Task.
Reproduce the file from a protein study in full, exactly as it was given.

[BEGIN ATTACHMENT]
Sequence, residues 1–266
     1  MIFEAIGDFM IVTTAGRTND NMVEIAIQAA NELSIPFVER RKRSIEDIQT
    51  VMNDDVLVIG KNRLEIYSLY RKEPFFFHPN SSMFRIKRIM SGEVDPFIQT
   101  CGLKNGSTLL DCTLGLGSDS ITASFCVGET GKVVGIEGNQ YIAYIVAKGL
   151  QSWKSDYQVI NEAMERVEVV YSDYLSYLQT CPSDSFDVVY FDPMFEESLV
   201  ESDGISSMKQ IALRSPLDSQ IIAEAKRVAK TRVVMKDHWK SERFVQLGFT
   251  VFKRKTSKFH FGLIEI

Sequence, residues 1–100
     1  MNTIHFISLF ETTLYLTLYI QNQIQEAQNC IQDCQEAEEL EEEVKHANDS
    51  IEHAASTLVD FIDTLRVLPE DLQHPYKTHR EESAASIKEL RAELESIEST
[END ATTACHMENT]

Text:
Sequence, residues 1–266
     1  MIFEAIGDFM IVTTAGRTND NMVEIAIQAA NELSIPFVER RKRSIEDIQT
    51  VMNDDVLVIG KNRLEIYSLY RKEPFFFHPN SSMFRIKRIM SGEVDPFIQT
   101  CGLKNGSTLL DCTLGLGSDS ITASFCVGET GKVVGIEGNQ YIAYIVAKGL
   151  QSWKSDYQVI NEAMERVEVV YSDYLSYLQT CPSDSFDVVY FDPMFEESLV
   201  ESDGISSMKQ IALRSPLDSQ IIAEAKRVAK TRVVMKDHWK SERFVQLGFT
   251  VFKRKTSKFH FGLIEI

Sequence, residues 1–100
     1  MNTIHFISLF ETTLYLTLYI QNQIQEAQNC IQDCQEAEEL EEEVKHANDS
    51  IEHAASTLVD FIDTLRVLPE DLQHPYKTHR EESAASIKEL RAELESIEST